Preverbal communicative competence: An essential step in the lives of infants with severe physical impairment
Journal/Book: Infant Young Children. 2000; 13: 7201 Mckinney Circle, Frederick, MD 21704, USA. Aspen Publ Inc. 49-59.
Abstract: Components important for achieving preverbal communicative competence in children who are developing typically are described to understand their significance as they relate to children with severe physical impairment (SPI). Specifically, eye gaze, attention, and gesture are described as they relate to reciprocity, consistency, and predictability of infant-caregiver interactions. Because of a limited number of studies related to children with SPI, inferences are drawn from research with children who are developing typically. These inferences are used to suggest intervention strategies that could be used by practitioners and caregivers to facilitate optimal communication and cognitive growth for infants with SPI.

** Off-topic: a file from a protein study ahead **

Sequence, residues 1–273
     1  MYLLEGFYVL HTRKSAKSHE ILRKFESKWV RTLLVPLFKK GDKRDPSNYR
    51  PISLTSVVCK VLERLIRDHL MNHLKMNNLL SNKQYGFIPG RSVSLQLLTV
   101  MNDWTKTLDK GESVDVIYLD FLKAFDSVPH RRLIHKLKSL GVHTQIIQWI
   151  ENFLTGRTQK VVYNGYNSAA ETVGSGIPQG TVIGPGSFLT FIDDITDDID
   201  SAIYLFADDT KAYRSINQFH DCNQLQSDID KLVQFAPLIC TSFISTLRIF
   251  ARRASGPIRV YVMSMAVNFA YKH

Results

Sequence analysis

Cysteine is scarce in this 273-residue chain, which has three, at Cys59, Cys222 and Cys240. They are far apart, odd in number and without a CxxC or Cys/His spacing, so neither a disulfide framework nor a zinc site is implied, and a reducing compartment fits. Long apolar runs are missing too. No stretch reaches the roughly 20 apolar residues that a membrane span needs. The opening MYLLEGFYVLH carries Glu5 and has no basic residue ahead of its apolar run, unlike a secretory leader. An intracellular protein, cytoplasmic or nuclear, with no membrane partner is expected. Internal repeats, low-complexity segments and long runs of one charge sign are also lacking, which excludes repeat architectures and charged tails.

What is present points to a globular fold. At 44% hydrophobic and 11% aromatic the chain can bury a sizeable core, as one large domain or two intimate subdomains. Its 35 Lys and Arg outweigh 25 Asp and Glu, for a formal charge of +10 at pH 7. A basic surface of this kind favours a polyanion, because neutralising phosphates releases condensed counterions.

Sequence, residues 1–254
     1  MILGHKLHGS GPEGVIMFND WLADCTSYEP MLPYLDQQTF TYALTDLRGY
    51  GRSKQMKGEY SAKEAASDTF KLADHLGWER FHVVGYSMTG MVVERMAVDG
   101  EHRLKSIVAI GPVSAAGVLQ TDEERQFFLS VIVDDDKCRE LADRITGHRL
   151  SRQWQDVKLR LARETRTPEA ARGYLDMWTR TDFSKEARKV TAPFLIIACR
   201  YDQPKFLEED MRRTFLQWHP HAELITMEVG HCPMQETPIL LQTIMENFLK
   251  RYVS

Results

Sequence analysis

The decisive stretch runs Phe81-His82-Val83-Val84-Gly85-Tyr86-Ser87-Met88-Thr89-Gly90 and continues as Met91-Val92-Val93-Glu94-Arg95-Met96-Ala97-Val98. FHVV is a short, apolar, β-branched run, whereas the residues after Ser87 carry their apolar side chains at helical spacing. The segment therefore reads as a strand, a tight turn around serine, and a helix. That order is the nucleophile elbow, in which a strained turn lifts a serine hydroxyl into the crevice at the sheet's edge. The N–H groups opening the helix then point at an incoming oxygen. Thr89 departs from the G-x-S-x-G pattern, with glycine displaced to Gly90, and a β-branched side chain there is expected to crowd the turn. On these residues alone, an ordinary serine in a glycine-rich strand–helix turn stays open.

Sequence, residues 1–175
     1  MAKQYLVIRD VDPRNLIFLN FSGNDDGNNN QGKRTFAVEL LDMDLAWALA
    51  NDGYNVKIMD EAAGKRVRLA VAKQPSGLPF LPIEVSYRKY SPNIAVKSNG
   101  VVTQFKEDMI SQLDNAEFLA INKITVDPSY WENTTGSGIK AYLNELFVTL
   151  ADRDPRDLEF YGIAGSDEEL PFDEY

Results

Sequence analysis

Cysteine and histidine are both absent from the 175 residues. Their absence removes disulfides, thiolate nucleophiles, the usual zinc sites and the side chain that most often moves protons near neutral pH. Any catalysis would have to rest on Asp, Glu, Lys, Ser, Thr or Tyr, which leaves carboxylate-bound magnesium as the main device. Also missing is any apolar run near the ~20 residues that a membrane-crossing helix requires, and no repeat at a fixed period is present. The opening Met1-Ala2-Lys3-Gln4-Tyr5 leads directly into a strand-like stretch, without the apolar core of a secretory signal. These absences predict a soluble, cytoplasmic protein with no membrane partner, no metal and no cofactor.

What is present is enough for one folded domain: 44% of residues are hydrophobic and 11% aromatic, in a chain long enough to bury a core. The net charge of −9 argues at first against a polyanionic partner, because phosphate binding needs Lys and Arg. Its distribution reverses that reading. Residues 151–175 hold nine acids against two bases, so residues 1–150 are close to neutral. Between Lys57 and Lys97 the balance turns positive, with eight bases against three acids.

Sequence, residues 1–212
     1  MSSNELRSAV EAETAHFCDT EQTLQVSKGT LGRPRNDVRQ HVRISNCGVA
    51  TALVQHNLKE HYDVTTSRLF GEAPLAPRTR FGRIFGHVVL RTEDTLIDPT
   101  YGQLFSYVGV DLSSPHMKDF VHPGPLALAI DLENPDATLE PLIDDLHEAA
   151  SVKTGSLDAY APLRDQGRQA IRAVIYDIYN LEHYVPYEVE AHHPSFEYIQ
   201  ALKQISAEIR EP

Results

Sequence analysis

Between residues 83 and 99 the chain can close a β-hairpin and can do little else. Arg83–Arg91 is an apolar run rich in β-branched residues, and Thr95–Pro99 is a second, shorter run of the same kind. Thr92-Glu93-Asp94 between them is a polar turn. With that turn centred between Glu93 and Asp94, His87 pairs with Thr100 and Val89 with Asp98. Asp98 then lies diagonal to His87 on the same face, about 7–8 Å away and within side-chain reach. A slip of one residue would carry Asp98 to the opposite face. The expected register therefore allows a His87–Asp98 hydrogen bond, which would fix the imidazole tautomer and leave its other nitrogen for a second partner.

Note: Article Reinhartsen DB, Univ N Carolina, Clin Ctr Study Dev & Learning, Chapel Hill,NC 27514 USA
Keyword(s): prelinguistic communicative competence; intentionality; severe physical impairment; attention; reciprocity; eye gaze; consistency; predictability; gesture; MOTHER-INFANT; DISABILITIES; ATTENTION; BEHAVIOR; CHILDREN; GESTURE; ACTS